Op-Ed: God and the Knysna disaster – Ivo, the answer is in the Scriptures
- ONNE VEGTER
- South Africa
- 18 Jun 2017 11:25 (South Africa)
Being Ivo’s not-so-famous and far-less-eloquent younger brother, I am perhaps not qualified to offer a rebuttal, but as a Christian I have been asked by several people for my reaction. His column demands a response. By ONNE VEGTER.
Ivo Vegter’s recent column, Knysna: When prayer and praise get in your face, is a brave and well-written piece expressing his “displeasure with believers and disbelief in god” in the wake of the #KnysnaFire disaster. It received an overwhelmingly positive response and was widely shared on social media.
On the surface, his diatribe against belief in God appears to make sense. But his column reveals some of the typical straw-man arguments, flawed philosophy and poor understanding of the nature of God that is common among atheists.
But let’s start with the parts that I agree with.
Quite a few people, however, thought that it would be appropriate to send emoticons of praying hands, or even entire prayers, to these groups.
The behaviour that apparently trigged Ivo’s wrath is something that I find equally irritating. On public WhatsApp groups that exist for a specific purpose, it is totally inappropriate to send off-topic messages, whether they be jokes, memes, advertisements, questions or comments meant for a specific individual (send it to the individual, not to the group!), birthday wishes, or indeed, emoticons of praying hands, prayers or prayer requests, amens and hallelujahs, Bible verses, etc.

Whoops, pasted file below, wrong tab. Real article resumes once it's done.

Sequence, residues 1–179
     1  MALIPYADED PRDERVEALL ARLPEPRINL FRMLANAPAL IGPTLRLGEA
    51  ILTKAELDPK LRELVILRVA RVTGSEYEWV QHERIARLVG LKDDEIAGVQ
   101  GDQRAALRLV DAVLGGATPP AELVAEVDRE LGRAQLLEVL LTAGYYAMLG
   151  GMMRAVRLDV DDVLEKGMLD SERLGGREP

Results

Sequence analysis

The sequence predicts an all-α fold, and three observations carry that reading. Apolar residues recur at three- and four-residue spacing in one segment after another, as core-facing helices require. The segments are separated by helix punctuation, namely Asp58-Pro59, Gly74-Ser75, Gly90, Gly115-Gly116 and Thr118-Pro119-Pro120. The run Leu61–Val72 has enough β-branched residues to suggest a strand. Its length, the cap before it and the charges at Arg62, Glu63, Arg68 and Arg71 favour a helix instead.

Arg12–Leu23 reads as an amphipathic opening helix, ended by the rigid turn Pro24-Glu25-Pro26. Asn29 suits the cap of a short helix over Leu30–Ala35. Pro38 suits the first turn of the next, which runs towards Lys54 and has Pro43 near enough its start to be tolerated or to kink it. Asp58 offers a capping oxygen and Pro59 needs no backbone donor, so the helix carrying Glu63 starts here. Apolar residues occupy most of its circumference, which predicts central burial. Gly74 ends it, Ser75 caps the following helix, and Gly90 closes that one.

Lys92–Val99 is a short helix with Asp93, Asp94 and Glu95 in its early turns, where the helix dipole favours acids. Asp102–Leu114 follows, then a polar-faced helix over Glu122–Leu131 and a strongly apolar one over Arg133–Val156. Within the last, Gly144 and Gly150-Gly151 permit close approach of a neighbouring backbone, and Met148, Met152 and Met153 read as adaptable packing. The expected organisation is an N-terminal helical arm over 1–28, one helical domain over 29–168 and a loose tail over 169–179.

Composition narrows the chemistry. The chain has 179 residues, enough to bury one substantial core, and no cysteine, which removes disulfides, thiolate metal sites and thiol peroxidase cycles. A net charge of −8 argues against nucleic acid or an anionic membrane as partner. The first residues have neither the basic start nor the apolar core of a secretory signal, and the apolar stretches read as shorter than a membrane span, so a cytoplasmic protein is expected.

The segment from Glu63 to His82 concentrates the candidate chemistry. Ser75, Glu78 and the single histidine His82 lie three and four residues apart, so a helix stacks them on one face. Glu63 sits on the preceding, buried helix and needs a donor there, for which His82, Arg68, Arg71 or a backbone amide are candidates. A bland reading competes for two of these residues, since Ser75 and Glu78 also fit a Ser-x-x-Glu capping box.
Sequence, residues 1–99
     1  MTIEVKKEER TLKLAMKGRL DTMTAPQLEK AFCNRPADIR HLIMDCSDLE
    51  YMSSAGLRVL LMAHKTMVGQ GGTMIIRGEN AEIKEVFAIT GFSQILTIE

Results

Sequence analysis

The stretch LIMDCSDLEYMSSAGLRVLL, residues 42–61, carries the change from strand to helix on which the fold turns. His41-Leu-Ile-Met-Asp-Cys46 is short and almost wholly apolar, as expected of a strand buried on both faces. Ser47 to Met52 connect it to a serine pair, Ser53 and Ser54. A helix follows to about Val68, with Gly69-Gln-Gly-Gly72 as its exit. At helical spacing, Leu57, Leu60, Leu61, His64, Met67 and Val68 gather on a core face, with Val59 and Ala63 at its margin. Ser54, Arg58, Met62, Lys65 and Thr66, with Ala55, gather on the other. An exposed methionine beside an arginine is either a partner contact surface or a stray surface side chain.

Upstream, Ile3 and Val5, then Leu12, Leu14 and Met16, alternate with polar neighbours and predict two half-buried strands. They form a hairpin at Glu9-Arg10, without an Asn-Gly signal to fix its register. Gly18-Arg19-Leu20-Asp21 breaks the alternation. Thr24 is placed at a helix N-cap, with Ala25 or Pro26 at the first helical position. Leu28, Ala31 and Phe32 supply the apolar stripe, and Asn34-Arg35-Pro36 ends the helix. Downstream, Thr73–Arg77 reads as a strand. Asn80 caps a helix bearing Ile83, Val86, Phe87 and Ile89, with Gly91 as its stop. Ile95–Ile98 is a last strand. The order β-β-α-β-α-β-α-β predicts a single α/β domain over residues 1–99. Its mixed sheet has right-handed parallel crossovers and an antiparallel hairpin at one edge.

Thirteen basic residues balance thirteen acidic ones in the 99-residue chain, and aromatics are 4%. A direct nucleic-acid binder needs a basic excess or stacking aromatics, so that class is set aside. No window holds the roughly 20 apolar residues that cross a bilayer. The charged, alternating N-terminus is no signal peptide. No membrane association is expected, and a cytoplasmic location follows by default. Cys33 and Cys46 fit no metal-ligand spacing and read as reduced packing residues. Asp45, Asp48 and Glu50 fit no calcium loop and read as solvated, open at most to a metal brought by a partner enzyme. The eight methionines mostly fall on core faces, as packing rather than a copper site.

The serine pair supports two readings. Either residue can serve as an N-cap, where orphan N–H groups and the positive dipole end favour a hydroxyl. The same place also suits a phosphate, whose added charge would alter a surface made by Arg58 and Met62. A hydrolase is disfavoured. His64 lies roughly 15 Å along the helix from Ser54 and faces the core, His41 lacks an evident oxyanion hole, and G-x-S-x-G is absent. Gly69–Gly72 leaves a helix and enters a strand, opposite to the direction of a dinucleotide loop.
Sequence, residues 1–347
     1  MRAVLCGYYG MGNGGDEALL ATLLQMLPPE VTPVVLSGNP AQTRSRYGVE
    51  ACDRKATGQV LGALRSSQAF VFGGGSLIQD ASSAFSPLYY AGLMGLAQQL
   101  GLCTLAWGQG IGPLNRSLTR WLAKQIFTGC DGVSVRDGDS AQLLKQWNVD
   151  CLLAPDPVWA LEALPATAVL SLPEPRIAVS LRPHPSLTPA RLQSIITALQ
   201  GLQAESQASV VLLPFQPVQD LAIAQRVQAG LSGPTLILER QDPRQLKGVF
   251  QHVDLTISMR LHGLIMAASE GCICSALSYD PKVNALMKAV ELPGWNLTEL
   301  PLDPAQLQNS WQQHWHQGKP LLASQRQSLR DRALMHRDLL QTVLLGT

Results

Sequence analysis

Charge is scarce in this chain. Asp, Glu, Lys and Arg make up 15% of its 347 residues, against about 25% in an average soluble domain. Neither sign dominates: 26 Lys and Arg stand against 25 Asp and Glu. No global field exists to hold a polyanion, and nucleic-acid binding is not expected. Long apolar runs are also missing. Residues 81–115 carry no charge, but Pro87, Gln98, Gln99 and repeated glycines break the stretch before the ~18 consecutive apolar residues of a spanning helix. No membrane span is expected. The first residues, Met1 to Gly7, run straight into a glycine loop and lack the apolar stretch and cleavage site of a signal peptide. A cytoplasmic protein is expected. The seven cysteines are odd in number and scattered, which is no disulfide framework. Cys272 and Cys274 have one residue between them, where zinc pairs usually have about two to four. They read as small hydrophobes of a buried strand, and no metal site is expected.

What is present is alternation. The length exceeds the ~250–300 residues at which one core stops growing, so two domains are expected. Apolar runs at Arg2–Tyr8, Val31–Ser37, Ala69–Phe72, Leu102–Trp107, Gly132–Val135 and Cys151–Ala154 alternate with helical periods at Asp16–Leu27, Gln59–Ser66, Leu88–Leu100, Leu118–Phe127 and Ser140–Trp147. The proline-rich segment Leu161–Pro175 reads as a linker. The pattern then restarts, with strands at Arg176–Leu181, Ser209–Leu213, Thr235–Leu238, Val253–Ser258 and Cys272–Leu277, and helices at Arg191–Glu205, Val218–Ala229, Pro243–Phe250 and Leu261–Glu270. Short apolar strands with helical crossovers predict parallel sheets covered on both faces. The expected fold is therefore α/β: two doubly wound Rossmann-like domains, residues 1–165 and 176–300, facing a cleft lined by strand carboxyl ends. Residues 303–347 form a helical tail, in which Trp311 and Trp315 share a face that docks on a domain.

I completely share Ivo’s frustration here. And he is also 100% correct that WhatsApp or Facebook or any other public platform is not the place for prayer. Leave that for religious groups or gatherings, or just pray privately, in your own room, as Jesus taught.
Ivo’s rant can be summarised in this paragraph from his column:
But one should take offence when Christians interrupt emergency communications to impose their delusions on everyone else. Or when they thank their god for ending disasters without blaming him for starting them. Or when they take credit on their god’s behalf for the generosity and kindness of flesh-and-blood people.
Let’s deal with the second part of his complaint – thanking God for ending disasters without blaming him for starting them. It is a common argument among atheists to claim that natural disasters and the presence of evil and suffering in this world either disprove the existence of God, or leads one to conclude (if God does exist) that he is an evil God to allow such things.
From his column:
If you thank your god for rain that turns out to be insufficient, after fires that he allowed to happen in the first place, you’re just not making sense.
And further on:
But let’s assume it was arson, and god does exist. How does an omnipotent god get thwarted by a few kids with matches? If he wasn’t able to change the wind direction to let the fires burn themselves out against the sea, he is not omnipotent. And if he is omnipotent, he actively allowed the death and destruction, which is evil. If he could have sent rain, why did he send too little, too late? It is perverse to thank him for that.